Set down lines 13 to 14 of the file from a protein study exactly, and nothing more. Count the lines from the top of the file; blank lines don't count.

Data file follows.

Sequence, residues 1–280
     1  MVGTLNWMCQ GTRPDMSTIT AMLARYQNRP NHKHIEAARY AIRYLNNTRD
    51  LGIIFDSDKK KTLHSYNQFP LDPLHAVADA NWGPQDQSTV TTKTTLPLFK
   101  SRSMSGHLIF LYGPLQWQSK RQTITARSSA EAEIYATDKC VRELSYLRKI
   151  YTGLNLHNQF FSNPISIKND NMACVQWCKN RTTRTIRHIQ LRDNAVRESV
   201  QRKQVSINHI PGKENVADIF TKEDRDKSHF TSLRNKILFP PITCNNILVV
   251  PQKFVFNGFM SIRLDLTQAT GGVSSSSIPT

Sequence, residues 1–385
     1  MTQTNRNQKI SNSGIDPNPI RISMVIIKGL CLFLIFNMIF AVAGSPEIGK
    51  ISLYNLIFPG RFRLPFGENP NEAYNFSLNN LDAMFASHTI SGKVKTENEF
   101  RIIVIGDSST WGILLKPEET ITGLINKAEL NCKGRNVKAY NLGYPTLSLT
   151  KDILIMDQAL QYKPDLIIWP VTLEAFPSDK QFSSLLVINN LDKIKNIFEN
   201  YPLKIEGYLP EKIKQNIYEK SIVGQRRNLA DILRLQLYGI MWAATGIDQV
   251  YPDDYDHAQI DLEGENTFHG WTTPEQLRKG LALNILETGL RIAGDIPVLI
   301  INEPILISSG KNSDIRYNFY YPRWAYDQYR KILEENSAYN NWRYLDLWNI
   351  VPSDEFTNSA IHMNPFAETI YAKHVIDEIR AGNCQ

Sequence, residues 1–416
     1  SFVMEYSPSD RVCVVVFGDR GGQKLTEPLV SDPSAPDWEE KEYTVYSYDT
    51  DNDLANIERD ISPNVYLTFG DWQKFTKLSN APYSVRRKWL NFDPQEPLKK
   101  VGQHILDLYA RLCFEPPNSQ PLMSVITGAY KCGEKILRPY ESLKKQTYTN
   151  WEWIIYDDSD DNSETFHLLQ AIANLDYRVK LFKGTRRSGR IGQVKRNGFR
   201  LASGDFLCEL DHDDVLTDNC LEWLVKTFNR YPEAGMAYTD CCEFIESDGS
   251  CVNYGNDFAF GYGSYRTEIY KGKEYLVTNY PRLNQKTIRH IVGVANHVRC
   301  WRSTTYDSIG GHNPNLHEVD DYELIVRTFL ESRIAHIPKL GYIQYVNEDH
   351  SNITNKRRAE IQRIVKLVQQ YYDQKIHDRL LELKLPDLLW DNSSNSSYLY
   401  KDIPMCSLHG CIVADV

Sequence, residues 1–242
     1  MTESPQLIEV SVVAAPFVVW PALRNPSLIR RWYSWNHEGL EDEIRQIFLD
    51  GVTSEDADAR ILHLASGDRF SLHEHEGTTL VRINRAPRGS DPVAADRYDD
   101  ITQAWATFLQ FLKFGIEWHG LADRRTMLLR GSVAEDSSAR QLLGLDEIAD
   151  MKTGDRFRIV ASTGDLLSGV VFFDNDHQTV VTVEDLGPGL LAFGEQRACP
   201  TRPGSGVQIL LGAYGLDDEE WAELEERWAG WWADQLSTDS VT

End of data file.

   201  YPLKIEGYLP EKIKQNIYEK SIVGQRRNLA DILRLQLYGI MWAATGIDQV
   251  YPDDYDHAQI DLEGENTFHG WTTPEQLRKG LALNILETGL RIAGDIPVLI